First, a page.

• The break in electrical connectivity with France triggered the automatic system protection equipment for the disconnection of consumption in order to guarantee the security of the system and avoid a more serious impact, thus ensuring that essential services were not affected.
• Thirty-six minutes after the incident occurred, electrical power exchange through the first interconnection line with France was re-established, thus allowing the electricity supply to be restored in the system as a whole.
At 4:35 p.m., due to a breakdown in the French electricity system, as reported by the French system operator (RTE), coinciding with a fire that was in the process of being extinguished by water bomber planes, the two circuits of the electricity cross-border connection between Spain and France were disconnected, causing the mainland electricity system to be disconnected from the rest of Europe.
The electrical isolation of the peninsular system from the central European system led to a drop in the frequency of the mainland system due to the loss of the energy that was being imported at that precise moment (2,500 MW). This imbalance between energy injection and consumption triggered the activation of automatic consumption disconnection protections (known as load shedding) to guarantee the security of the system and avoid a greater impact, thus ensuring that essential services were not affected.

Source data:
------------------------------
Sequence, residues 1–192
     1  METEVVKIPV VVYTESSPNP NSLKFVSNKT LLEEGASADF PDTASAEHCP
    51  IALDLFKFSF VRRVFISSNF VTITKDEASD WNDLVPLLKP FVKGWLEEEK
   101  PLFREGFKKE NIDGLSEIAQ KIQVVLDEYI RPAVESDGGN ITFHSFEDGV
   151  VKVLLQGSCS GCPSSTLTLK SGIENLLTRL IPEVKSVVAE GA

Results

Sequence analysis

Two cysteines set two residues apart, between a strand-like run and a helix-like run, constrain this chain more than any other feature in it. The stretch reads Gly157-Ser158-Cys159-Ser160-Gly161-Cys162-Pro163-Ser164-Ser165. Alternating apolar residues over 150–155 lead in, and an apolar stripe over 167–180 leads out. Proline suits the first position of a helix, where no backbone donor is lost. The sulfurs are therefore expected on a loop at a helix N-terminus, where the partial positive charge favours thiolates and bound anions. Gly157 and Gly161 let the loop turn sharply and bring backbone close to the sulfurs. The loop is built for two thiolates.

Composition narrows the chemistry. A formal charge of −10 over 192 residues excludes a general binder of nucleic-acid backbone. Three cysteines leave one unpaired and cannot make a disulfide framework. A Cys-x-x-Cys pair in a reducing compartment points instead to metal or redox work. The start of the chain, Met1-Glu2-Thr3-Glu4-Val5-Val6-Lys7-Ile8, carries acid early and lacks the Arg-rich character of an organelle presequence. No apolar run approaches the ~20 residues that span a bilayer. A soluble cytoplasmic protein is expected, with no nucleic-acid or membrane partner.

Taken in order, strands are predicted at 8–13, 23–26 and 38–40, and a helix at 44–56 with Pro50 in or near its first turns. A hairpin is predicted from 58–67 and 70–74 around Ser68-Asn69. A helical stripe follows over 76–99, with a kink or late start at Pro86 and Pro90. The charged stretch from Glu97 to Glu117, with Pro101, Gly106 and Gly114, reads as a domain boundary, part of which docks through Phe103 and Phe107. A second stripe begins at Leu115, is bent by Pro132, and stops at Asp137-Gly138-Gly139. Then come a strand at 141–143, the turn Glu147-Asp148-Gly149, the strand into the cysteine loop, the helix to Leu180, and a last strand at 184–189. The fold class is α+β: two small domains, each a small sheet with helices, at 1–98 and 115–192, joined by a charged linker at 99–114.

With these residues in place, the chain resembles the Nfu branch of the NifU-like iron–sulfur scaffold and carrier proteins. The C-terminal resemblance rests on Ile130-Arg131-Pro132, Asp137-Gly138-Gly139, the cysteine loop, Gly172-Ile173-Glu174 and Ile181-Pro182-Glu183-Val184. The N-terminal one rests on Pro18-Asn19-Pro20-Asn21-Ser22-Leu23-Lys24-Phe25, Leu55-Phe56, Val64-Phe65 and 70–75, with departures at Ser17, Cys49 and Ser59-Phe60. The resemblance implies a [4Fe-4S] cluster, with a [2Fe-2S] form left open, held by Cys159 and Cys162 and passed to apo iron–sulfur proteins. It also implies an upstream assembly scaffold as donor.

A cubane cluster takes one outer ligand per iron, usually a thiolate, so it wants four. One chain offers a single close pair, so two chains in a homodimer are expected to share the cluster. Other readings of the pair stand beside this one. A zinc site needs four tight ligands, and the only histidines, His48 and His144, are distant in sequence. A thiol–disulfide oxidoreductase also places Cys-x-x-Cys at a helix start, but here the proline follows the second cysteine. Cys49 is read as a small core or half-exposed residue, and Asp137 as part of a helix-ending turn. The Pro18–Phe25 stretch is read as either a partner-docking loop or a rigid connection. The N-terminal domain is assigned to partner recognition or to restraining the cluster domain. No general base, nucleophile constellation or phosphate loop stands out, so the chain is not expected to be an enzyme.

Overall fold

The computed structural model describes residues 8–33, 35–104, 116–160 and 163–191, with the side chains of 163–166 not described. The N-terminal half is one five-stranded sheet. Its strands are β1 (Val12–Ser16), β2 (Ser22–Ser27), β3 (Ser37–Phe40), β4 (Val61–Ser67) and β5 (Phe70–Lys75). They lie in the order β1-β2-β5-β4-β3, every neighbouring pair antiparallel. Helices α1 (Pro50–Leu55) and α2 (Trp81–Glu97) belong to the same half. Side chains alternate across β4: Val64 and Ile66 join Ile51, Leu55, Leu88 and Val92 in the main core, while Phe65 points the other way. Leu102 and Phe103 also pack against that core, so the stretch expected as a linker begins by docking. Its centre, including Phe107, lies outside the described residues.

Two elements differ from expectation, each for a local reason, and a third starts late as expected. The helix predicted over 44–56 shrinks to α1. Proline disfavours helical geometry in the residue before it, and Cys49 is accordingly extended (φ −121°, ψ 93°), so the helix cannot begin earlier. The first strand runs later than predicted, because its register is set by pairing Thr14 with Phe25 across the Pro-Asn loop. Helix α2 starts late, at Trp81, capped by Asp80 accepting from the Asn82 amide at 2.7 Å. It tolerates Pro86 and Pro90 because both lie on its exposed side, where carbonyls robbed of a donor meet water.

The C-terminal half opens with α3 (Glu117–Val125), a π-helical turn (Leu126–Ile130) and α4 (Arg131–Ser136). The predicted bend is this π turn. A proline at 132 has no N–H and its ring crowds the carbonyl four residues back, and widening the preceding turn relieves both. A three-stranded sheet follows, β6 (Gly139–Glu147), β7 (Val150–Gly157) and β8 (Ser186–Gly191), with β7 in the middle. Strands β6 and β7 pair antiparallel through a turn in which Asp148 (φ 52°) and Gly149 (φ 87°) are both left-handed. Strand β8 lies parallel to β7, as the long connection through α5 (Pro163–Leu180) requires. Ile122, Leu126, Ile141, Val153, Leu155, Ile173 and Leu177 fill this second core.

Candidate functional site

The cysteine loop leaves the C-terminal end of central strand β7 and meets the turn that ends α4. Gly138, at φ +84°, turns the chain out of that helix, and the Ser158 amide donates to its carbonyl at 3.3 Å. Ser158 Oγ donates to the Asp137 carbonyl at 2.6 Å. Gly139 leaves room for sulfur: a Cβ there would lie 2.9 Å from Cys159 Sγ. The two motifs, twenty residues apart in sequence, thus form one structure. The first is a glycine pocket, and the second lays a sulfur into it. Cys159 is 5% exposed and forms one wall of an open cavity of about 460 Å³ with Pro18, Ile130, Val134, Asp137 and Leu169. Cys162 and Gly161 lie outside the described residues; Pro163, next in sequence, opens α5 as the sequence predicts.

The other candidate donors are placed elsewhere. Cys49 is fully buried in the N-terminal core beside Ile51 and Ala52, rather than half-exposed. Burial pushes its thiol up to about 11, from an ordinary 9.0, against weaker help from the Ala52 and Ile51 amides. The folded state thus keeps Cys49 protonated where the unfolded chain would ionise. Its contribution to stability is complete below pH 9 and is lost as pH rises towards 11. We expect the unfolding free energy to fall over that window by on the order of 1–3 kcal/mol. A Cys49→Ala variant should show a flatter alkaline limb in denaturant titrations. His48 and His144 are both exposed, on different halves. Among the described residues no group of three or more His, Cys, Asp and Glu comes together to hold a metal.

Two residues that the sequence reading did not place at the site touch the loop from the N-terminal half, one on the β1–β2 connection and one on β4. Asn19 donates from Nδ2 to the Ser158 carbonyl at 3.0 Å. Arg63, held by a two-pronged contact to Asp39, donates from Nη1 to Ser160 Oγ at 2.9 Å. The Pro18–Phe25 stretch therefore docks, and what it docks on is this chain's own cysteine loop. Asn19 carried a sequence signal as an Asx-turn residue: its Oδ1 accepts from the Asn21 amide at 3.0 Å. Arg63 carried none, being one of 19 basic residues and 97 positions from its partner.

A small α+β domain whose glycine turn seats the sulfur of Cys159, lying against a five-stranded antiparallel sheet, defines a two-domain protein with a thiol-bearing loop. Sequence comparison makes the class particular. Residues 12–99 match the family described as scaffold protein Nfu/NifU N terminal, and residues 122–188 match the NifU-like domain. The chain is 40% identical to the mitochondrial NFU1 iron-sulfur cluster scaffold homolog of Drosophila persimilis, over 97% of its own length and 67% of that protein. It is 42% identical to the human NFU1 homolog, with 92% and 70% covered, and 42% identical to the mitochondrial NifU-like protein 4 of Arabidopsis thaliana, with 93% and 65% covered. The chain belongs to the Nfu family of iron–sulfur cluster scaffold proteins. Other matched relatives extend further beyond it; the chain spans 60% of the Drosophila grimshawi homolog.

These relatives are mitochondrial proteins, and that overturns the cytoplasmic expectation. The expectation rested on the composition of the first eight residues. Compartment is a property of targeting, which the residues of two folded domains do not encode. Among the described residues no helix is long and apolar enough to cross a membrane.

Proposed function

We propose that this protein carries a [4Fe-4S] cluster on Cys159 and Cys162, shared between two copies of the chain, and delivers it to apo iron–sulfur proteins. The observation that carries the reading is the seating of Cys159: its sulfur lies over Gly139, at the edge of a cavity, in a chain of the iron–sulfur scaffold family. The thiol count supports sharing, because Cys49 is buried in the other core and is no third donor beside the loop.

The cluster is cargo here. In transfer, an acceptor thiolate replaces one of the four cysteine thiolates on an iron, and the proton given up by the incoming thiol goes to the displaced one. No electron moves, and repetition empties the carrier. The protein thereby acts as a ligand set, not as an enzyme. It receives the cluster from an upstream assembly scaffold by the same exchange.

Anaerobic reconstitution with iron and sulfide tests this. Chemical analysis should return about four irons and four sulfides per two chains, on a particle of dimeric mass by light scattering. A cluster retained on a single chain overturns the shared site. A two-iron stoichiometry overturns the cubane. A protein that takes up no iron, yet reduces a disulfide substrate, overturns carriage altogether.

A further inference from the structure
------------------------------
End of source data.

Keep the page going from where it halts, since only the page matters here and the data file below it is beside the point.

Some 2,350 MW (power equivalent to more than two nuclear power plants at full load) were lost in our system, distributed throughout the Spanish mainland, in accordance with the load shedding protocol established for these situations. Portugal's electricity system also suffered the corresponding load shedding process. The French system only lost around 100 MW due to the disturbance, as it remained coupled to the European synchronous system and did not suffer from problems related to a drop in frequency. For its part, the Moroccan electricity system lost its interconnection capacity with Spain.
Red Eléctrica de España activated all the necessary resources foreseen for a situation of these characteristics, and thanks to the correct behaviour of all the protection equipment and of all agents of the Spanish electricity system, ranging from generators to the System Operator, together with the robustness of the electricity transmission grid and distribution networks, once the disturbance in the system was stabilised it was possible to start the process to reconnect the cross-border connection with France and recover consumption. At 5:09 p.m., the first interconnection line with France, the 400 kV Hernani-Argia line, was brought back into service and the peninsular system recovered the frequency of the central European system. At 5:33 p.m., all the interconnection lines were in full operation and at 5:38 p.m., the electricity supply was restored to the system as a whole.